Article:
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Spark Plug Gap Settings

The rule of thumb for the spark plug gap on older engines is coil ignition 0.025 thou and magneto ignition 0.018 - 0.020 thou.

Spark plugs are typically designed to have a spark gap which can be adjusted by the technician installing the spark plug, by the simple method of bending the ground electrode slightly to bring it closer to or further from the center electrode. The belief that plugs are properly gapped as delivered in their box from the factory is only partially true, as proven by the fact that the same plug may be specified for several different engines, requiring a different gap for each. It can depend on the engine: new spark plugs might be pre-gapped for a V-8 engine, installing all 8 plugs unchanged; however if installed in a 6-cylinder engine, all (6) plugs would require re-gapping.

A spark plug gap gauge is a disc with a sloping edge, or with round wires of precise diameters, and is used to measure the gap. The simplest gauges are a collection of keys of various thicknesses which match the desired gaps and the gap is adjusted until the key fits snugly. With current engine technology, universally incorporating solid state ignitions and computerised fuel injection, the gaps used are much larger than in the era of carburetors and breaker point distributors, to the extent that spark plug gauges from that era are much too small for measuring the gaps of current cars.

The gap adjustment can be fairly critical, and if it is maladjusted the engine may run badly, or not at all. A narrow gap may give too small and weak a spark to effectively ignite the fuel-air mixture, while a gap that is too wide might prevent a spark from firing at all. Either way, a spark which only intermittently fails to ignite the fuel-air mixture may not be noticeable directly, but will show up as a reduction in the engine's power and fuel efficiency. The main issues with spark plug gaps are:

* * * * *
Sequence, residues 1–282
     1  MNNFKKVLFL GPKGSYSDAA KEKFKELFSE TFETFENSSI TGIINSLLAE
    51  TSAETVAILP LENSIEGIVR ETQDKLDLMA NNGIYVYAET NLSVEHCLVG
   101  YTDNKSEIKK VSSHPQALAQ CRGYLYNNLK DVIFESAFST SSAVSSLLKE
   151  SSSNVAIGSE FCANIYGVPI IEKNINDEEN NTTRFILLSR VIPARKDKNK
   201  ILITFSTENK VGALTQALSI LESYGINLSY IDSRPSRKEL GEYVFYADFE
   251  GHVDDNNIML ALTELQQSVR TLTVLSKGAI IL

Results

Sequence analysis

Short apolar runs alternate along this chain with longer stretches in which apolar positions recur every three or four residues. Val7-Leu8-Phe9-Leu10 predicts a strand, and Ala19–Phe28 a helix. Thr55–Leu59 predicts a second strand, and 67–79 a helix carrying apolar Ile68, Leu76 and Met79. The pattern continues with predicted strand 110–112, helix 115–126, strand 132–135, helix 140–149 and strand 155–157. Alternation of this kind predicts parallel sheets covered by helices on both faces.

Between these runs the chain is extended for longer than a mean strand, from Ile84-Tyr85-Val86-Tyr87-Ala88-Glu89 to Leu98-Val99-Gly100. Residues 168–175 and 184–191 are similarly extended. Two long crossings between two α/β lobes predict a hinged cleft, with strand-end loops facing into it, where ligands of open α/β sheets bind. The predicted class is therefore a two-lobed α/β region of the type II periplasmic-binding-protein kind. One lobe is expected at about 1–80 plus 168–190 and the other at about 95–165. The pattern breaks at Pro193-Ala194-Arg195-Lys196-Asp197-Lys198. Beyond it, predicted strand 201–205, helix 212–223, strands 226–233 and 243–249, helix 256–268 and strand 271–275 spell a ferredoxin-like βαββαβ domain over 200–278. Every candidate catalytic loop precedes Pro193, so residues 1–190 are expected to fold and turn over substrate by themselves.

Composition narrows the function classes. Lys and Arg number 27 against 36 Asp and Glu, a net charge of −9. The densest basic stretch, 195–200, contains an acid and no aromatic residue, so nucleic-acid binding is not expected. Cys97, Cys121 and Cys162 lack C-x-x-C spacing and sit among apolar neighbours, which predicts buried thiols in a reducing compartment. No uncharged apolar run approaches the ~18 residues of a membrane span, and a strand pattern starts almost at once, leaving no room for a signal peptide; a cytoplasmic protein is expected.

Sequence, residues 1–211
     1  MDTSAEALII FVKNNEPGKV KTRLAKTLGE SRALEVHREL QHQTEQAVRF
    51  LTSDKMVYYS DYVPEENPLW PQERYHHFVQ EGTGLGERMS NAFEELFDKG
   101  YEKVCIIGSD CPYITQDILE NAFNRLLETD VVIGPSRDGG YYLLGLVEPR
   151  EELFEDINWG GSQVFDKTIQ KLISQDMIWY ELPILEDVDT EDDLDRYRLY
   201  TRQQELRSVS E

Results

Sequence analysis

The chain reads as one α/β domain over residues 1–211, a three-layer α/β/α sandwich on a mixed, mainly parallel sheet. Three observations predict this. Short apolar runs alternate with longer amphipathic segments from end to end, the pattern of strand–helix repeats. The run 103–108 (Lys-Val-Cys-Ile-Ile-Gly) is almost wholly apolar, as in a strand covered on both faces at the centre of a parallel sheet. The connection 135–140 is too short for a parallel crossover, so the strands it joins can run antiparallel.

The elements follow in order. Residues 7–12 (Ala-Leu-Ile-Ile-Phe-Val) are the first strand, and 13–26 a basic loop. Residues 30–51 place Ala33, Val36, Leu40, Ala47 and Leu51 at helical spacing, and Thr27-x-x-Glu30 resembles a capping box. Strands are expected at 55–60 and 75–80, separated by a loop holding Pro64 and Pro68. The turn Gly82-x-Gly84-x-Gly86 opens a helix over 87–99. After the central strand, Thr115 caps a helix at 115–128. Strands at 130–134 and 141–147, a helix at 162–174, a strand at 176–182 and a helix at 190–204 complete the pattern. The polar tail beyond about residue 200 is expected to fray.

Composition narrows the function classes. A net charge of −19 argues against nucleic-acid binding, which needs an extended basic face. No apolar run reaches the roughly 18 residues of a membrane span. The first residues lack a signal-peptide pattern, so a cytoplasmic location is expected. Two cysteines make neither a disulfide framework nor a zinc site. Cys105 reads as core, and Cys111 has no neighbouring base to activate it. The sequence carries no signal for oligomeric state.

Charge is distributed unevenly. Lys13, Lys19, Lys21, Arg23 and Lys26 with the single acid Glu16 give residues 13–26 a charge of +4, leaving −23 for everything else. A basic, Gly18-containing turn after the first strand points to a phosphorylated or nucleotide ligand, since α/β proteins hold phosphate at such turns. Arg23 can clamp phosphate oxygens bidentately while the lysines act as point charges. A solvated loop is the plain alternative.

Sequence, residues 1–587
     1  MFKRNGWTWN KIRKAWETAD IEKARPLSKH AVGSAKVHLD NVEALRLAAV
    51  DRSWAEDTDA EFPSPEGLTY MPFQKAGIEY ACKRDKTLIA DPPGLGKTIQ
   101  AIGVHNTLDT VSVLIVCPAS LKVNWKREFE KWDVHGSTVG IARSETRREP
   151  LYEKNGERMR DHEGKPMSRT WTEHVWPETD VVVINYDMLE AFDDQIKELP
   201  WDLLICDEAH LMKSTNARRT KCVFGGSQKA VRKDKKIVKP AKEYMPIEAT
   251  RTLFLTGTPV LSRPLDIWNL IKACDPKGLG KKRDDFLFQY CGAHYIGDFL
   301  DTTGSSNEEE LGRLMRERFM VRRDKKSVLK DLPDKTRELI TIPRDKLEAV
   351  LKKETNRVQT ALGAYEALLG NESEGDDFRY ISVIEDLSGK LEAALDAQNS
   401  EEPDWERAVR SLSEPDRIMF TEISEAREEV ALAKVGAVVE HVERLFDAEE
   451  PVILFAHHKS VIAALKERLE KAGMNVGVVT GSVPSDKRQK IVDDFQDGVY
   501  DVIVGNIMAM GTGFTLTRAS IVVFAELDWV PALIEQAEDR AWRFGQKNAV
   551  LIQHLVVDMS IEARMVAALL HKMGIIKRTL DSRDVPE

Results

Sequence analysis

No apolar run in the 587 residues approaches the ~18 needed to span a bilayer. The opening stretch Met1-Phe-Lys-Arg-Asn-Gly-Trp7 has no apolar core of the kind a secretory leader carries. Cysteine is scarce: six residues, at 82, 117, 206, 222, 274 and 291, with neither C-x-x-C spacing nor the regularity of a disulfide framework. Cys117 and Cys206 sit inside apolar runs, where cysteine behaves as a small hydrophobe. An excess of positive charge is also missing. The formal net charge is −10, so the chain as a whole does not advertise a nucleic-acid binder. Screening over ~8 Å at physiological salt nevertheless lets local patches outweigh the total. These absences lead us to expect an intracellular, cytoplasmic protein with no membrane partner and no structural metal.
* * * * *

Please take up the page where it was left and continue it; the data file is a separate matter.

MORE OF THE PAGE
• narrow-gap risk: spark might be too weak/small to ignite fuel;
  • narrow-gap benefit: plug always fires on each cycle;
  • wide-gap risk: plug might not fire, or miss at high speeds;
  • wide-gap benefit: spark is strong for a clean burn.

A properly gapped plug will be wide enough to burn hot, but not so wide that it skips or misses at high speeds, causing that cylinder to drag, or the engine to begin to rattle. Spark plug eroded: note the center electrode (dark bump) had been a cylindrical rod, and the top ground electrode (like a claw) formerly had square edges.

As a plug ages, and the metal of both the tip and hook erode, the gap will tend to widen; therefore experienced mechanics often set the gap on new plugs at the engine manufacturer's minimum recommended gap, rather than in the center of the specified acceptable range, to ensure longer life between plug changes. On the other hand, since a larger gap gives a "hotter" or "fatter" spark and more reliable ignition of the fuel-air mixture, and since a new plug with sharp edges on the center electrode will spark more reliably than an older, eroded plug, experienced mechanics also realise that the maximum gap specified by the engine manufacturer is the largest which will spark reliably even with old plugs and will in fact be a bit narrower than necessary to ensure sparking with new plugs; therefore, it is possible to set the plugs to an extremely wide gap for more reliable ignition in high performance applications, at the cost of having to replace or re-gap the plugs much more frequently, as soon as the tip begins to erode.

 

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